In addition to not (almost) blogging, you know what else I have not been doing?
Exercise. Going to the gym.
It has been over 2 months since I have stepped into my gym. For years, I was a morning gym-goer, opting to wake up early and work out before heading to work. After I moved back from Texas, I switched it up to go after work. I knew it was a recipe for disaster, but it worked out well during the winter. In due time, I think I will meander back to the gym but enjoying this relaxed phase to the max.
I have slowly ramped up my digestive system back up to its mostly normal high-fiber self, and spent this weekend making (and eating) all the chickpeas. One of the easiest ways to eat chickpeas (after hummus, of course), is to roast them. I really liked these salt and vinegar roasted chickpeas, and this batch was a tangy balsamic version with a touch of maple. They roasted up, shrinking in size, but gained a savoury outer crust. Snack on them as they are, or add them to your next salad.
The recipe is from Dreena Burton’s latest cookbook. No stranger to her lovely recipes (Black Bean and Sweet Potato Stew, Lemon Mediterranean Lentil Salad, Moroccan Vegetable Phyllo Rolls, and Orange Red Lentil Soup with Coriander and Star Anise), her latest cookbook is focused on family-friendly recipes, catering to the (oftentimes) picky requests of children. She said these chickpeas were often requested by her children, and I could see why.
This is undoubtedly her prettiest cookbook yet with all photographs by Nicole Axworthy (you can see her favourite recipes form the cookbook here and her photo of the chickpea nibbles at the bottom of the post). Indeed, the recipes span the entire day with breakfast recipes like Almond Zen Granola, Savory Chickpea Omelets and Pumpkin Snackles. Lunch options include salads with tofu feta, “magical” applesauce vinaigrette, mild cheesy dip and the simplest marinated baked tofu I still want to make myself. Dinner themed recipes include soups/stews like Pumpkin Lentil Soup and Apple Lentil Dal, pizzas/pasta including Polenta Pizza Crust and Hummus Tortilla Pizzas, and Burgers/etc such as Sneaky Chickpea Burgers. Like her previous books, dessert is not forgotten with puddings, creams, sauces, cookies, bars, energy bites, frozen treats, cakes and fruit-based desserts all represented.
All of her recipes use plant-based whole foods as ingredients. She has tried to make them more nut-free, a common problem when feeding children going to school. As someone who owns a few of Dreena’s cookbooks, I feel like it is only fair to mention that this is an oil-free cookbook (not necessarily low-fat) and you may recognize some recipes from her previous cookbooks. Some are the same (ie, the umami burgers and blondies from Plant-Powered 15) and other recipes seem similar but have been modified to accommodate nut-free options (ie, her Nicer Krispie Squares) or oil-free options (ie, her Sniffle Lentil Soup). There are definitely new recipes, too, which are true to her signature kid-friendly style.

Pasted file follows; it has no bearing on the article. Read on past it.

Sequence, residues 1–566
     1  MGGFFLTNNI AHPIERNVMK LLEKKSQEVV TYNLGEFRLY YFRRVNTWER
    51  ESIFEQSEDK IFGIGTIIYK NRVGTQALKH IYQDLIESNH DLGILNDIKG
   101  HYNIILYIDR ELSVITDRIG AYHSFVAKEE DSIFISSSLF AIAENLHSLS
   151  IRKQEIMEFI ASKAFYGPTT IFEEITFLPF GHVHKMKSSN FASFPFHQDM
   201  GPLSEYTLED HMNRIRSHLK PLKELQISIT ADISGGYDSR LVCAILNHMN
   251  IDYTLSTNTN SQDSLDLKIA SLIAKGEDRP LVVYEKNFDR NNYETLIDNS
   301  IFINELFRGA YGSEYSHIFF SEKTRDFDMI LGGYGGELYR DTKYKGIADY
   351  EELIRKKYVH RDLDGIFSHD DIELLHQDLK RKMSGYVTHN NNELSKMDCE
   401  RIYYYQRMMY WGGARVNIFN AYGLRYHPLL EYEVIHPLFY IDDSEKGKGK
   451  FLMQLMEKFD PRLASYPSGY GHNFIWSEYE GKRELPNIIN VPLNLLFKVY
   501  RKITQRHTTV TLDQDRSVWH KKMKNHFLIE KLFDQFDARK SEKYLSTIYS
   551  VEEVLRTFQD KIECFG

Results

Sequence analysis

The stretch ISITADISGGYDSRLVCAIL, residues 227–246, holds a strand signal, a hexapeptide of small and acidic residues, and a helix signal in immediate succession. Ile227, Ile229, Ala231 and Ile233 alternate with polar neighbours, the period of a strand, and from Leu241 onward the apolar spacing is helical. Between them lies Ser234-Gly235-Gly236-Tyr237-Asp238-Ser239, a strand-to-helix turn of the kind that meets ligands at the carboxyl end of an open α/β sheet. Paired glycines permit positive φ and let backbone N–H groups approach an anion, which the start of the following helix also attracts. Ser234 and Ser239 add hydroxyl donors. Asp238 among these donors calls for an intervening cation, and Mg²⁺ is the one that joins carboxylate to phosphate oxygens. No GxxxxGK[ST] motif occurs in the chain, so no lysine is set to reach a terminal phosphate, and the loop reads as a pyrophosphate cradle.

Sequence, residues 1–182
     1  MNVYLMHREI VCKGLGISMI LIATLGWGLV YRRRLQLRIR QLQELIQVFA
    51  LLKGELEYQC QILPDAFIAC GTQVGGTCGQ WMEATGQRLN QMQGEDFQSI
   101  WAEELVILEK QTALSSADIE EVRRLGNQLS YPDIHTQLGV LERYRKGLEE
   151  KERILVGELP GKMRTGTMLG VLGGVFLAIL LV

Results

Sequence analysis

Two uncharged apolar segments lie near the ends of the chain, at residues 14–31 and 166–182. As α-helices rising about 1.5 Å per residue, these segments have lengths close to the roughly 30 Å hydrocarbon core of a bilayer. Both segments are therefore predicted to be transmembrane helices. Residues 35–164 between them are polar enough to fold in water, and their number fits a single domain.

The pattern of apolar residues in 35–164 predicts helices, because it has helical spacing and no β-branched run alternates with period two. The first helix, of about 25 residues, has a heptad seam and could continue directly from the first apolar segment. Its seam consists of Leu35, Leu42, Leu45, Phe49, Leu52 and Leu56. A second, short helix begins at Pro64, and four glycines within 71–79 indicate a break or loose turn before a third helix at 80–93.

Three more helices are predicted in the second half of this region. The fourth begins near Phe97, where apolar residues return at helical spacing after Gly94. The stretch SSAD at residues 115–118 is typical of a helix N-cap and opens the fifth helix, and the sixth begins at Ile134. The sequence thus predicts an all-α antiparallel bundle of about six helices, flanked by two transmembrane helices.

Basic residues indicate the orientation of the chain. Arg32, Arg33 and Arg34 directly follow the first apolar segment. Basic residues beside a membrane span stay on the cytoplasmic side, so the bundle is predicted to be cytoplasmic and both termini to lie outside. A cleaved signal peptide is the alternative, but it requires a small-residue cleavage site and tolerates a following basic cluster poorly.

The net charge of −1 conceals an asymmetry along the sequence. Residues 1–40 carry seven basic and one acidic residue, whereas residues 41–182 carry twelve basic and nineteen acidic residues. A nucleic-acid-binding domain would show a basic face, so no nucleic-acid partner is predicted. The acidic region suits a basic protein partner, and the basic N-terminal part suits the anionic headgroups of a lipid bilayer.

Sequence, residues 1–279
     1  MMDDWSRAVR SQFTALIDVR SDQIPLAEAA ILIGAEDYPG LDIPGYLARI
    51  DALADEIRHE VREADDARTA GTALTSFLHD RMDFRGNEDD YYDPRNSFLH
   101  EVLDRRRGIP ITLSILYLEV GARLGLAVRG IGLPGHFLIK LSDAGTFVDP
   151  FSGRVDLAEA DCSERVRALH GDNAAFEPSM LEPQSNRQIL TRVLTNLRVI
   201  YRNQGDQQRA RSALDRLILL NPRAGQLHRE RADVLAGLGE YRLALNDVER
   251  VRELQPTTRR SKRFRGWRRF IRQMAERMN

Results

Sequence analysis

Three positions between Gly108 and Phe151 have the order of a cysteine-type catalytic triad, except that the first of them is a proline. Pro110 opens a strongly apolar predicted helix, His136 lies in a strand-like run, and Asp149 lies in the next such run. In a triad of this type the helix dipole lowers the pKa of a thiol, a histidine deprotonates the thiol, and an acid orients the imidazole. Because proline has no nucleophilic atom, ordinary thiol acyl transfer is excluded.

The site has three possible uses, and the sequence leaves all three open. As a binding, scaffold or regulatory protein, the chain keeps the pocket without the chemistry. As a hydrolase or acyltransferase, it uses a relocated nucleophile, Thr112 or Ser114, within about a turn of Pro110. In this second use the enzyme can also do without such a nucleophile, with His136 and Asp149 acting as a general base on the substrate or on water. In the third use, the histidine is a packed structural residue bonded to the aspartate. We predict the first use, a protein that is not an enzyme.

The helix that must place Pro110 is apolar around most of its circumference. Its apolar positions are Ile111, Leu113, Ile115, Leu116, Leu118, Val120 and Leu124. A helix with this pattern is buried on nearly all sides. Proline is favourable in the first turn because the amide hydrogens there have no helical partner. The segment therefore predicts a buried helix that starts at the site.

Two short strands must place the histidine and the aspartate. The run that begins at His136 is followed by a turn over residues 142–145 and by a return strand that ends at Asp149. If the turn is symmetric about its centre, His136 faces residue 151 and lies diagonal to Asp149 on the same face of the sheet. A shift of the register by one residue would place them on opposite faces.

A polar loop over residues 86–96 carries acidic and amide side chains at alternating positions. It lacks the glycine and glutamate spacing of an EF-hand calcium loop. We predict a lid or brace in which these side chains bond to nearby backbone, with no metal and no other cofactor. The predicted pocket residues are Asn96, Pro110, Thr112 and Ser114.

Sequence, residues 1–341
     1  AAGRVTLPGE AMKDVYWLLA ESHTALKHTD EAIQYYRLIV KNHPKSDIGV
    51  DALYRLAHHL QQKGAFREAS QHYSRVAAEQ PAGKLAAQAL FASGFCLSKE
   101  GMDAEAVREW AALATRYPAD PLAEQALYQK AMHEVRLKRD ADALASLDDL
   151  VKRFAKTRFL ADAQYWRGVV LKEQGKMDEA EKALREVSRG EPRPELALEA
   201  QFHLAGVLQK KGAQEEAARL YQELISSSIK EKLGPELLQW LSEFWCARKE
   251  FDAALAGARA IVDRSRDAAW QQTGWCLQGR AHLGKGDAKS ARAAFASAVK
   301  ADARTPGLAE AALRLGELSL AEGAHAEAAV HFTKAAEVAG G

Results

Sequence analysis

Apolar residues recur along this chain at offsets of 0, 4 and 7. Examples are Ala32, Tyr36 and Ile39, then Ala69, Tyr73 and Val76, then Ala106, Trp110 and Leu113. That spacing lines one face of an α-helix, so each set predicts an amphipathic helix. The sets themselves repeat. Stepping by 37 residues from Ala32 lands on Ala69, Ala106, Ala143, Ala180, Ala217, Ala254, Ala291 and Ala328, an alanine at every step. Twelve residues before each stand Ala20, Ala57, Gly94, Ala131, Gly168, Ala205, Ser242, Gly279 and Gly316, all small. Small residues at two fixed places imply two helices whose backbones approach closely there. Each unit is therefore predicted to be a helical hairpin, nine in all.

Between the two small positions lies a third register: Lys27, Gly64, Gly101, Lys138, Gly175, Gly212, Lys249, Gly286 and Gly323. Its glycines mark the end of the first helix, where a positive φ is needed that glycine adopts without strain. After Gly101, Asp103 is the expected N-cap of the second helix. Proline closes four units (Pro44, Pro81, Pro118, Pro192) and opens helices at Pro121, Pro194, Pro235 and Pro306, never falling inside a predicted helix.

Thankfully, the publisher allowed me to giveaway the cookbook to a reader living in the United States or Canada. To be entered in the random draw for the book, please leave a comment below telling me which vegan food your family loves to eat the most. The winners will be selected at random on June 5, 2015. Good luck!
Recipes from Plant-Powered Families spotted elsewhere:
PPS. There is still time to enter this giveaway for Crave Eat Heal here.
Dreena’s Roasted Balsamic Chickpeas (aka Chickpea Nibbles)
Reprinted, with permission, from Plant-Powered Families
Dreena’s note: After creating my Tamari Roasted Chickpeas in Eat, Drink & Be Vegan, I began experimenting with faster, larger batches. I regularly make double or triple batches every week—often twice a week. That original roasted chickpeas recipe became a go-to for many readers, and I think you’ll love these simple, tasty versions too!
2 cans (14 oz) chickpeas
2 tablespoons balsamic vinegar
1 1/2 tablespoons tamari or coconut aminos
1–1 1/2 teaspoons pure maple syrup
2 cans (14 oz) chickpeas
1 tablespoon balsamic vinegar
1 tablespoon tamari or coconut aminos
2–2 1/2 tablespoons natural ketchup
1. Preheat oven to 400°F. Line a baking sheet with parchment paper.
2. On the baking sheet, add all ingredients for either the basic or the ketchup-y marinade. Toss through to combine.
3. Bake for 20–25 minutes, tossing chickpeas once or twice during baking, until the marinade is almost absorbed. Remove chickpeas from the oven while still a little moist. (These are meant to still be tender, not crunchy.) Serve warm for appetizers or at room temperature for snacks.
Serving Suggestions: These chickpeas make a sensational topper for salads, pasta dishes, soups, and stir-fries. Also, leftovers can be lightly mashed with condiments for a sandwich spread, or whizzed in a mini food processor with lemon juice, garlic, and tahini for a chunkier hummus!
Idea: Try adding 1 teaspoon finely chopped fresh thyme, oregano, or rosemary.
Makes about 3½ cups.